Bounce-Back Candidates: Tight End (Fantasy Football)
Geoff Lambert looks at fantasy football rookie sleepers.
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When I was asked by my editor to do a “Bounce Back” article on tight ends, my immediate thought was, “I don’t even know if I can find a tight end that could have a bounce-back season.” After some deep digging, I eventually came up with three names that all have a few things in common:
- Their down season in 2017 was due to injury, not on-the-field play
- All three have Top 5 TE potential
- Two seasons ago, all three were Top 7 TEs in fantasy points per game (PPR), so they have upside if they can stay healthy
Greg Olsen (CAR)
Olsen is the easiest bounce-back option at tight end because unlike the other two guys on this list, he hasn’t had any history of injuries. In fact, not since his rookie season in 2007 had he even missed a game until last year. That is the definition of durable and despite his relatively old age at 33, he could easily finish as a Top 10 tight end. The addition of rookie WR D.J. Moore and the emergence of RB Christian McCaffery as a pass-catching threat may cut into Olsen’s overall targets, but he will still be the red zone option of choice for Cam Newton.
With Newton as his QB, Olsen became the first tight end to ever have three consecutive 1,000-yard seasons from 2014-to-2016, and in his last full season in 2016 he finished second in targets and yards among tight ends. By all accounts, Olsen is completely recovered from the foot injury he suffered early last season, and while it wasn’t season-ending, he never looked quite right when he came back. If he is indeed fully healthy and Newton can recapture some of the magic from his 2015 MVP season, Olsen could easily be a Top 5 tight end again in 2018.
Jordan Reed (WAS)
Reed has been the poster boy for injury-prone TEs over his career. His 2015 season, when he led all TEs in fantasy points per game, gave fantasy owners a glimpse at what he was capable of when healthy, and it was that glimpse that inflated his 2017 ADP despite an injury-riddled 2016. That 2015 season now stands as the exception, not the rule, as Reed continued his inability to stay on the field last year, playing only six games, catching 27 passes for 211 yards and two TDs.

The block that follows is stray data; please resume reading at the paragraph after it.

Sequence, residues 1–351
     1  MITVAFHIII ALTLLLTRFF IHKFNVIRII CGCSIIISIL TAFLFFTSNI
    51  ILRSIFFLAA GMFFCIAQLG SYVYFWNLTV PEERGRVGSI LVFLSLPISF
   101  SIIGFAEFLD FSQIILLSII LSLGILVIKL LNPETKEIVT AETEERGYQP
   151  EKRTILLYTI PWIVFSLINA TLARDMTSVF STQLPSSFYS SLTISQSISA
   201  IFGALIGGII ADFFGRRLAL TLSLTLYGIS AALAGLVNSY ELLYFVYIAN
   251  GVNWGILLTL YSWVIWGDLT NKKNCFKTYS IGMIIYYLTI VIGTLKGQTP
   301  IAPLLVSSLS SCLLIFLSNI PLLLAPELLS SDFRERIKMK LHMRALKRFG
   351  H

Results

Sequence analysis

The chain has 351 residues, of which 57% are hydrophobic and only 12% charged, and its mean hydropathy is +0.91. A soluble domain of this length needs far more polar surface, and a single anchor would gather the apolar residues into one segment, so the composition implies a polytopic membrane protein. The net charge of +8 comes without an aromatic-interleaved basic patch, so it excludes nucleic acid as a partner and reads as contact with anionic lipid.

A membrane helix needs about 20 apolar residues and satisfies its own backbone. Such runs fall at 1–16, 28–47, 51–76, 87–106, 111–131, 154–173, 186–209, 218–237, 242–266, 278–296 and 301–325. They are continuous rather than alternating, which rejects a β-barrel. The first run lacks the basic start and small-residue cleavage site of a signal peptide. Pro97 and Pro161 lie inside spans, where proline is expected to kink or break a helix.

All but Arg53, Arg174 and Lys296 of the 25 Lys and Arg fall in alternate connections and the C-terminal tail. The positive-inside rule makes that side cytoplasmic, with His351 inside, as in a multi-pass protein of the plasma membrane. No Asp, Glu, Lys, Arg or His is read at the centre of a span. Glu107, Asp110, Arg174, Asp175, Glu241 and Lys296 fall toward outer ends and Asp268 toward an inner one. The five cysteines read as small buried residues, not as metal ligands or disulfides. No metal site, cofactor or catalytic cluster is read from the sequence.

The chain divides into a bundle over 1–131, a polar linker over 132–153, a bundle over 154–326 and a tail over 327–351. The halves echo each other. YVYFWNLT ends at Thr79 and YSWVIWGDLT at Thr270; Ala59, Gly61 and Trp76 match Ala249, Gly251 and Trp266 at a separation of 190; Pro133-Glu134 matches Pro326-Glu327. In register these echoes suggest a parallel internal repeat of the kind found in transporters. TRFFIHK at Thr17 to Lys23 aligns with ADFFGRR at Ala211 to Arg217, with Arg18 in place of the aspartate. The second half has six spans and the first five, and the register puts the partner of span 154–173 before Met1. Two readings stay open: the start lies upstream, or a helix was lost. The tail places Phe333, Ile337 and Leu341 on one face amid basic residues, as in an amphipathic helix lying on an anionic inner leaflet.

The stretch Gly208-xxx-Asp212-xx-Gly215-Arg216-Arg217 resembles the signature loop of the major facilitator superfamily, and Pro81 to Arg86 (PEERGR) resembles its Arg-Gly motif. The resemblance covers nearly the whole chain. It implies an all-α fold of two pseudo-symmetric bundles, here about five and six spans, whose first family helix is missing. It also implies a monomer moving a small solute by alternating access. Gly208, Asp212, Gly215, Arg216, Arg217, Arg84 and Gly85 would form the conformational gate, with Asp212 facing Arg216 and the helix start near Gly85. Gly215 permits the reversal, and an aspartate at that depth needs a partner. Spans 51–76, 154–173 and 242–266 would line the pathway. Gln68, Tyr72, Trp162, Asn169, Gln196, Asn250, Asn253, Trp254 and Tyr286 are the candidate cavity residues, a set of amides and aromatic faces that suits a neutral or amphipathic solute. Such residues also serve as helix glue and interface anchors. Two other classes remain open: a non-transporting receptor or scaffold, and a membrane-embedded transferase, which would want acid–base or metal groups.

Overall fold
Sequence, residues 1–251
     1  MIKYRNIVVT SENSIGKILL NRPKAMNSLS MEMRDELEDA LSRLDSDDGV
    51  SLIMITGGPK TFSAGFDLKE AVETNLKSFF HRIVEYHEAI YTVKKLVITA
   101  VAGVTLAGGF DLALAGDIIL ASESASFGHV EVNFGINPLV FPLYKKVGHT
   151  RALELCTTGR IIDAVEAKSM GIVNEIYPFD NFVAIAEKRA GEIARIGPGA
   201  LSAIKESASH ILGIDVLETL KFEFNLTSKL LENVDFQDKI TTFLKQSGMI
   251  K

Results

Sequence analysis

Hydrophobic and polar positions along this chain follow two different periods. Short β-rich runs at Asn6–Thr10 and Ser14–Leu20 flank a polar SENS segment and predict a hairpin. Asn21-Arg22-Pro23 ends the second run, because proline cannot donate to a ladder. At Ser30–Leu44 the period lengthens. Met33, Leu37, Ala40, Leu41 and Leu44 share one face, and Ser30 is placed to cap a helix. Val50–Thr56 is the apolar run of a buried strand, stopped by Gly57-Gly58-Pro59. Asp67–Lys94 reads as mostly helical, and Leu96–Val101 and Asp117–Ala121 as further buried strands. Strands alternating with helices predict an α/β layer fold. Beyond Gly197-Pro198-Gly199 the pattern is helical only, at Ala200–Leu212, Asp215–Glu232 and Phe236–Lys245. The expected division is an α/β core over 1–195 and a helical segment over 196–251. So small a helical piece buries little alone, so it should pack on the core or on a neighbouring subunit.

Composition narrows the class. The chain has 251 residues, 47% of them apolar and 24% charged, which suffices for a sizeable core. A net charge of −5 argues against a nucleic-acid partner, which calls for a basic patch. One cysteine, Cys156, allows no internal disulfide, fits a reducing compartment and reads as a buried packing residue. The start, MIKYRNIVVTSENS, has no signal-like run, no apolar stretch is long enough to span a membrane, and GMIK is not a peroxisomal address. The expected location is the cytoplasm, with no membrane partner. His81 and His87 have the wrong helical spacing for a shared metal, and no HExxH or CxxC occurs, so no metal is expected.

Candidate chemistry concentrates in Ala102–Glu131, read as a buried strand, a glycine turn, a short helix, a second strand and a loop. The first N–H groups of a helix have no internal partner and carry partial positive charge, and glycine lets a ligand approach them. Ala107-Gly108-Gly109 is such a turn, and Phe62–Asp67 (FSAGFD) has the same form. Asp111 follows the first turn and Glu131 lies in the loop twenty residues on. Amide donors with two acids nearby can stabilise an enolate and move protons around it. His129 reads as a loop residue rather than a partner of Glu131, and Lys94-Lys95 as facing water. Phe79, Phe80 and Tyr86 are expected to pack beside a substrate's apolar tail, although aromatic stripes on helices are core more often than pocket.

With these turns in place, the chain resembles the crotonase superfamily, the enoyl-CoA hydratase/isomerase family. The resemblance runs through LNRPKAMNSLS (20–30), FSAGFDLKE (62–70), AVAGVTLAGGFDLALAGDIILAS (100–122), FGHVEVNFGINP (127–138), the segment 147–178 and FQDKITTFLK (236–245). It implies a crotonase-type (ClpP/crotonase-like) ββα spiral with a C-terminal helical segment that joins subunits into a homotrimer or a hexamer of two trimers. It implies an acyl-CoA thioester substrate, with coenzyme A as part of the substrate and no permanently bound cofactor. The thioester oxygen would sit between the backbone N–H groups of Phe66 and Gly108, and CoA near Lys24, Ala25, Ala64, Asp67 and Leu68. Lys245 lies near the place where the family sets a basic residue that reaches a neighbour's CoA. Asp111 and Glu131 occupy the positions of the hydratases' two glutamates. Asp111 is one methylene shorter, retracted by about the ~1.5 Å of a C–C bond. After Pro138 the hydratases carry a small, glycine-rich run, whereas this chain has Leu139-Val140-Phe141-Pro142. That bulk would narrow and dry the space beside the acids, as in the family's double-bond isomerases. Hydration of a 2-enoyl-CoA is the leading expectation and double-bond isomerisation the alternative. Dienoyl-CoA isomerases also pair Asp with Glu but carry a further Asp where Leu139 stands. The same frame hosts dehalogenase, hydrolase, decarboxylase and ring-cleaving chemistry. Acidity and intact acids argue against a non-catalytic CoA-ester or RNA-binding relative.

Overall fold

Coming into the 2018 season, Reed is once again a huge injury risk, but this time owners know it and his ADP reflects that, as he is being drafted in the 10th round or later in early mock drafts. Assuming Reed can stay relatively healthy, and that’s a big assumption, he should be in for a monster year with his new QB Alex Smith. Few QBs have had as much success producing TE1s then has Alex Smith. In San Francisco, he and Vernon Davis made history when they hooked up for 13 TDs in 2009, which was — at the time — a record amount of TDs for a tight end. And, of course, Smith was the QB that turned Travis Kelce into a household name in fantasy during his days in Kansas City.
The Redskins would be smart to limit the snaps for Reed in 2018, which at face value would lower his fantasy prospects, but if he can be more efficient with Smith at QB and more importantly stay healthy, fewer snaps won’t keep him from being a Top 10 tight end and an excellent value in the 10th or 11th round.
Tyler Eifert (CIN)
Back in 2015, Eifert caught 13 TD passes on only 74 total targets and the fantasy world went crazy. The following season, most fantasy owners were ecstatic to get Eifert after his breakout season and they were rewarded with… eight games, 29 receptions for 394 yards. Here is the interesting part about that injury-shortened season when compared to 2015. Every analyst agreed that his touchdown rate in 2015 was unsustainable, however, in that shortened 2016 season, he still managed five TDs. That equates to just under one TD for every six catches, not quite the TD for every four catches in 2015, but still a ridiculous rate. To put that in perspective, the leader in TD receptions last season was DeAndre Hopkins with 13 TDs on 96 receptions, or, one TD for every 7.3 catches.
It is that TD catch rate that puts Eifert on the map as a bounce back tight end for 2018. The Bengals still have last year’s starting tight end, Tyler Kroft, who was a serviceable TE in fantasy with 42 catches and seven TDs, and while many think that may hurt Eifert’s value, I think it does just the opposite. The Bengals can limit Eifert to red zone and clear-cut passing situations, and while he may not have a ton of volume, he should catch more than his fair share of TDs.
This may not be a viable strategy as your TE1, but he isn’t being drafted as a TE1, in fact, depending on your league size, he isn’t being drafted at all. In other words, he carries almost no risk but the upside could be huge if he finds a way to stay on the field, even in a limited capacity.